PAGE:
Rising above: the WA rugby revolution

Western Force CEO Nick Marvin says the next two years is crucial for rugby in WA.

The Force was said to play its final Super Rugby game when Rugby Australia axed the club from the competition last year before mining magnate Andrew ‘Twiggy’ Forrest stepped in with a plan.

Mr Marvin hopes the new look World Series Rugby competition will revolutionise the game and reignite interest as it joins forces with the growing popularity of rugby in Asia.

He says Mr Forrest’s actions inspired him to join the club to help grow and influence grassroots rugby in the state.

“Rugby has an amazing tribal-like following in WA,” Mr Marvin says.

“The new WSR and the new look Western Force will hopefully draw more people into the sport and help it build into something bigger.”

The Western Force is the apex rugby union team in the west and Mr Marvin says the club gives ambitious young people something local to aspire towards.

“Having this club in WA is vital to ensure that our talented younger players can stay in their home state and still pursue their love for the game,” Mr Marvin says.

“Keeping the Western Force here can help nourish dreams and aspirations, which motivates players to play better.”

Former Force captain Matt Hodgson says it was during his time as skipper that he found an appreciation for the importance of club rugby.  Photo: Karina Vakil

Wallaby veteran and the Western Force’s head of elite performance Matt Hodgson says he is motivated by how much the community rugby spirit has grown in the last few months.

“They’ve got a reason to play rugby again and the number of kids that are signing up to play rugby and come to the game on Friday night is what drives me now,” Mr Hodgson says.

The Force is set to play a series of invitational games this year starting with Olympic champions Fiji on Friday May 4, followed by Tonga on May 13, with the official WSR competition kicking off next year.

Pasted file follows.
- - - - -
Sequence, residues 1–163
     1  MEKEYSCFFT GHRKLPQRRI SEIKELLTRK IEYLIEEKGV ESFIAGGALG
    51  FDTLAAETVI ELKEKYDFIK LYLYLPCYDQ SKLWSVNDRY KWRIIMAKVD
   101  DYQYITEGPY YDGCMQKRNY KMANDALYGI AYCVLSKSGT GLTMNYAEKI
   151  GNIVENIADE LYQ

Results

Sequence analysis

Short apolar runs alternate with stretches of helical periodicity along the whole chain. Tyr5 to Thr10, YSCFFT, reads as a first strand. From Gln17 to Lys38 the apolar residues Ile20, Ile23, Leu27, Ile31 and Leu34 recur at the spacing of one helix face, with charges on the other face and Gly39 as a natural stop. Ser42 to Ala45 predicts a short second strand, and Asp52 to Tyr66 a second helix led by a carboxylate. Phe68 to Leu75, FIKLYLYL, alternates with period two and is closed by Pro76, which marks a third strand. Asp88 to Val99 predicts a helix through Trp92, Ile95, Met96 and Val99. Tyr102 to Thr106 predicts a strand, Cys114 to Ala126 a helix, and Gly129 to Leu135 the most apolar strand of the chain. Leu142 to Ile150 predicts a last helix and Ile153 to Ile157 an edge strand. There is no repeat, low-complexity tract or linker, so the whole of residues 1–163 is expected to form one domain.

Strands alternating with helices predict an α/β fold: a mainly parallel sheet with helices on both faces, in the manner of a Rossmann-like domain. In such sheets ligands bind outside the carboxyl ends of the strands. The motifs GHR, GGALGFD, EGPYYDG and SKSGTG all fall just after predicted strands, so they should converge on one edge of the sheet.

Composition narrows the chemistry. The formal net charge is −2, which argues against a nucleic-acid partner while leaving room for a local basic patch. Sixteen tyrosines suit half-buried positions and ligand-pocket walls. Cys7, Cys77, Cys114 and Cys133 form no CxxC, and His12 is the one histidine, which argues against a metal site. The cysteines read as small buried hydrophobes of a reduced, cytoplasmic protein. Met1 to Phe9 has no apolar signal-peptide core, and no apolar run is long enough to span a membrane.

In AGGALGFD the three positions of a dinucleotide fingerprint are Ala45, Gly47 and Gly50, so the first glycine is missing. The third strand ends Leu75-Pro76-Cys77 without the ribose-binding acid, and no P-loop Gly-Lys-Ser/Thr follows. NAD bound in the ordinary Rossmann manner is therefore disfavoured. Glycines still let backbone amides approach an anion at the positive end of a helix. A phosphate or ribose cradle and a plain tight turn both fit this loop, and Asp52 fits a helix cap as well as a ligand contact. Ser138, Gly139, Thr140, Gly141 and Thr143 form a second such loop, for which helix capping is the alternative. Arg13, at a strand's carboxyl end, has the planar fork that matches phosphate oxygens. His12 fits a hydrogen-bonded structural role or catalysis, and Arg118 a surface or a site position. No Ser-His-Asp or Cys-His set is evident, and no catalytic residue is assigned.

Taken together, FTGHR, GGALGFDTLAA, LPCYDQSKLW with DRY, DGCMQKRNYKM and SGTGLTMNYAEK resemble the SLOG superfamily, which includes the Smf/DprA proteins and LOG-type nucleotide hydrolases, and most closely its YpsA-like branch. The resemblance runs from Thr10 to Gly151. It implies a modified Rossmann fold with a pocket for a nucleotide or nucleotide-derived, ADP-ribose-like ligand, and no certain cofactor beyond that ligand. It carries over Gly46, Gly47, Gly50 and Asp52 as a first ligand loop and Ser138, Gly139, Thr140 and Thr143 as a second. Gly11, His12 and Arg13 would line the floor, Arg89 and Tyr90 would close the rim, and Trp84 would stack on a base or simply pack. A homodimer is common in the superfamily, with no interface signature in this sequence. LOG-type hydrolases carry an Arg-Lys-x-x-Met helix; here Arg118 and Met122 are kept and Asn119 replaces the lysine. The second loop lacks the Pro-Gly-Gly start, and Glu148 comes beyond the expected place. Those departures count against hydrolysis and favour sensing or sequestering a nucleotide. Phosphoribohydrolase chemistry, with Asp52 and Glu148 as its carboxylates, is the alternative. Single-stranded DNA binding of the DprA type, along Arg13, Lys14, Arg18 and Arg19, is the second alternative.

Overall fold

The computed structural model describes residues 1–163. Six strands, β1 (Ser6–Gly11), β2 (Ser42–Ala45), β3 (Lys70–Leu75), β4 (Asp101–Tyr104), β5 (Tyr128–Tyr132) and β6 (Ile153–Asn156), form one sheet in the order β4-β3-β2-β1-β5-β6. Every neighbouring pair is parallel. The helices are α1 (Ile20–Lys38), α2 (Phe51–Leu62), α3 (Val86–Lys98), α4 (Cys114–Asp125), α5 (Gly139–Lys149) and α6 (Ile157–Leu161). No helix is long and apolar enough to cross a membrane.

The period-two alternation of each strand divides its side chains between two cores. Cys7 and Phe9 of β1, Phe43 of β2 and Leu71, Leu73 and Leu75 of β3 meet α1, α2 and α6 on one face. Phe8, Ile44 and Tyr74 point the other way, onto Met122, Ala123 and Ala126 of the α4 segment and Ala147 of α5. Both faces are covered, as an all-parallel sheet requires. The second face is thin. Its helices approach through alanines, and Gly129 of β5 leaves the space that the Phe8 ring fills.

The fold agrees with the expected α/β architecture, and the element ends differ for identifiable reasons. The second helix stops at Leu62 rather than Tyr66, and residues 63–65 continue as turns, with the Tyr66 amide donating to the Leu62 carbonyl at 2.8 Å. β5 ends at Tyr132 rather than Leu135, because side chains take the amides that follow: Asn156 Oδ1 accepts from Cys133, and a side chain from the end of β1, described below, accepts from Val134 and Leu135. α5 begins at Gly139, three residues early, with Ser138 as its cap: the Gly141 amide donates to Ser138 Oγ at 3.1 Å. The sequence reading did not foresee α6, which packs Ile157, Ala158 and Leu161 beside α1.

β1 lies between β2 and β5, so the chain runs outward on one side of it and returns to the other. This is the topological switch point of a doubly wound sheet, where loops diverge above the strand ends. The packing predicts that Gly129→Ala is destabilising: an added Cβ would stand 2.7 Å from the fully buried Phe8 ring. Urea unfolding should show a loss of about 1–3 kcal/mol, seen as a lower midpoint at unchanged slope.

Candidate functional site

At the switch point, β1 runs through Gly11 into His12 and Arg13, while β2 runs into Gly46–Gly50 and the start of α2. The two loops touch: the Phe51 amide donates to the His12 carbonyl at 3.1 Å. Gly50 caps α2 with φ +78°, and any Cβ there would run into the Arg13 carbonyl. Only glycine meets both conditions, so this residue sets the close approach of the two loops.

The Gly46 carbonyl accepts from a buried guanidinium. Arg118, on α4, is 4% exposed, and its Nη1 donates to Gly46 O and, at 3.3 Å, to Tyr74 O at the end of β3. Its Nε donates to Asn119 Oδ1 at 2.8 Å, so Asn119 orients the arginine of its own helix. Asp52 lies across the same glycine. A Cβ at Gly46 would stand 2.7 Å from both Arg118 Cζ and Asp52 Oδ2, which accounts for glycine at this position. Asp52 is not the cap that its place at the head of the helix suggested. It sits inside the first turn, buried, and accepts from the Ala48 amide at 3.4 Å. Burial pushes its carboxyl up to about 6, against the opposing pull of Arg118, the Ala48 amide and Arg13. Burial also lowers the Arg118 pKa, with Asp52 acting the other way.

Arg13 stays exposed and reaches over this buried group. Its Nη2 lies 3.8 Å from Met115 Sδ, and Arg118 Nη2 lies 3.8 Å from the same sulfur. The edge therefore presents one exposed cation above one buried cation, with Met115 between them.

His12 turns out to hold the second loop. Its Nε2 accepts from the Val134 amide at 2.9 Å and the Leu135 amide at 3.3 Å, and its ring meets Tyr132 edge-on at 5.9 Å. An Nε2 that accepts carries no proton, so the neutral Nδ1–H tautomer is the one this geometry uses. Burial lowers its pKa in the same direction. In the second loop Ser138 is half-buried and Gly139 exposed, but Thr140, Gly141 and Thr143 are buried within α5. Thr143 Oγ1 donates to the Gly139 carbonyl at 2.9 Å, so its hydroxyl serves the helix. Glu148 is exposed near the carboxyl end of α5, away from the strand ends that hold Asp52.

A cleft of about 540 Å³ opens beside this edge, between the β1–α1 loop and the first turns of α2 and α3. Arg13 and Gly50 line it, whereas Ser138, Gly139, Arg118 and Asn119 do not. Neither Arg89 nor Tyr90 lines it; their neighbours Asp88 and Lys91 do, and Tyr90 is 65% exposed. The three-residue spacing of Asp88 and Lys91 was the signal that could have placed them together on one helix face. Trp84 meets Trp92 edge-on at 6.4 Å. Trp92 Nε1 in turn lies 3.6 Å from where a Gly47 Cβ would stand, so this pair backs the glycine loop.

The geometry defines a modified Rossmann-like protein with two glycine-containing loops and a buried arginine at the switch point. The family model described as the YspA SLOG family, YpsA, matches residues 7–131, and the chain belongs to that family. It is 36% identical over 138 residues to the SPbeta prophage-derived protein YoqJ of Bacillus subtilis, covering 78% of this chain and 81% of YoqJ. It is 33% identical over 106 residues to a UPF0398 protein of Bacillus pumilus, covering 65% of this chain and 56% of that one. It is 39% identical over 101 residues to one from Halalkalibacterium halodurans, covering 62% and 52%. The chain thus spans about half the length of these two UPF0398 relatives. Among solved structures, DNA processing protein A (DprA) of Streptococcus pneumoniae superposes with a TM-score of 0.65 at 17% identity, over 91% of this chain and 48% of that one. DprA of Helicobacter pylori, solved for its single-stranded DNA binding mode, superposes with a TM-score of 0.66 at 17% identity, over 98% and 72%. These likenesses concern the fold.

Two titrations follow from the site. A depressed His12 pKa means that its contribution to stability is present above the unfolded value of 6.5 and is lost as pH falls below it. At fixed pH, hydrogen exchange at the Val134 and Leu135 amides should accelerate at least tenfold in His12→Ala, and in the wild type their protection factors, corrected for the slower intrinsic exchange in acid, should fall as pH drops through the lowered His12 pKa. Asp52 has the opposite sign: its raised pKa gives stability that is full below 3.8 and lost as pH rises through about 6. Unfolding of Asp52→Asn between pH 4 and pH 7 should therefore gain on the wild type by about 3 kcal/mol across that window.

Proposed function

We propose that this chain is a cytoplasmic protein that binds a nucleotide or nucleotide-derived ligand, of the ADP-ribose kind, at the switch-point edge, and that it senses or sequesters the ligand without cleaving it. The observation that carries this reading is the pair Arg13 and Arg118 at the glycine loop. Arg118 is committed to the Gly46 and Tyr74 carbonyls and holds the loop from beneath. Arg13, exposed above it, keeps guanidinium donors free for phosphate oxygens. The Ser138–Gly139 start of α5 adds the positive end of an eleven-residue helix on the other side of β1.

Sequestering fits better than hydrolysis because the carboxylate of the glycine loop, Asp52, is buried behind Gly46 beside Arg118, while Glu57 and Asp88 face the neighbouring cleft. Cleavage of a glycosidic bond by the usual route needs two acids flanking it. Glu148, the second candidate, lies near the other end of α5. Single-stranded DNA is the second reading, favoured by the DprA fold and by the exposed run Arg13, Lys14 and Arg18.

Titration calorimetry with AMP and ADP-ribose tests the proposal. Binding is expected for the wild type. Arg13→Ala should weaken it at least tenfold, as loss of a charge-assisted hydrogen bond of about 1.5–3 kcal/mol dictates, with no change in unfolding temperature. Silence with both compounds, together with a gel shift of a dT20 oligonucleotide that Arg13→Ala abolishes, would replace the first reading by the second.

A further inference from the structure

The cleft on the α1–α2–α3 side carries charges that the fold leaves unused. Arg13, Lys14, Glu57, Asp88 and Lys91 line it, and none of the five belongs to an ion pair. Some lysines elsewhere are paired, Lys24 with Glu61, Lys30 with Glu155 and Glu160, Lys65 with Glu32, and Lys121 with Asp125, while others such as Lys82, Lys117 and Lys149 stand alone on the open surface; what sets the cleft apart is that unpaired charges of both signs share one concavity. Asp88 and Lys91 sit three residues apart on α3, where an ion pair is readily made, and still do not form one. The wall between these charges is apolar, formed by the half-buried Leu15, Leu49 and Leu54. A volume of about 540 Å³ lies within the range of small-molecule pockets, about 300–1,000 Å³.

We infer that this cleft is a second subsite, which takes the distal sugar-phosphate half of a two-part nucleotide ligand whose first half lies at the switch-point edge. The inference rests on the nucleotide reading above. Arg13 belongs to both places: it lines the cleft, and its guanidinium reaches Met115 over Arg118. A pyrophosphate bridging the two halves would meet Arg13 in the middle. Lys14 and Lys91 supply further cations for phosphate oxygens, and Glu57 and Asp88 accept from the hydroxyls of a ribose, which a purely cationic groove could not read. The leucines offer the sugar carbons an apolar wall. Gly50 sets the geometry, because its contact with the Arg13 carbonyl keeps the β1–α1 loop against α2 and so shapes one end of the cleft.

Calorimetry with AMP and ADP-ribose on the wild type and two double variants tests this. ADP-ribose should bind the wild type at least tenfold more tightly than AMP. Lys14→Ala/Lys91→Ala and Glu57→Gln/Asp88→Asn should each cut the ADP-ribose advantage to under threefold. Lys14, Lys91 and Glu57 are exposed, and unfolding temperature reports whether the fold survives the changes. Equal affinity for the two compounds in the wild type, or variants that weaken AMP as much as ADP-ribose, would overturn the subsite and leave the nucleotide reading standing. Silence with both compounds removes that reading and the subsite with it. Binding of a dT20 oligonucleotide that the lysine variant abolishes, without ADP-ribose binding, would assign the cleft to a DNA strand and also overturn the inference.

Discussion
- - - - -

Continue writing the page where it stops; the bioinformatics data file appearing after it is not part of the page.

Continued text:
Mr Marvin, who’s the former Perth Wildcats’ CEO, says a defining moment in the growth of popularity for the Wildcats was when the basketball team began working with schools.

Similarly, each Force player will have to complete 350 hours in community rugby as part of a Club Allocation Program which will help grow the game at a grassroots level.

RugbyWA CEO Bob Hunter says the program will foster junior rugby and support club teams at all levels.

“Whether it is through coaching, playing or mentoring others, the time the Force players will spend within these clubs will help to underpin and grow the game of rugby in Western Australia,” Mr Hunter says.

The allocations will see heavyweights such as Springboks veteran Jaque Fourie, former Wallaby Rod Davies, returning Force playmaker Kieran Longbottom and Fijian Olympic gold medalist Masivesi Dakuwaqa take on coaching, mentoring and ambassador roles for local community clubs.

Former Springbok Fourie will work with the Southern Lions and says the program is a good opportunity for rugby to grow.

“I’m really looking forward and excited to work with the clubs and the players,” Mr Fourie says.

Listen to the coach Tim Sampson and the players including captain Ian Prior talk about the importance of the Western Force in community rugby.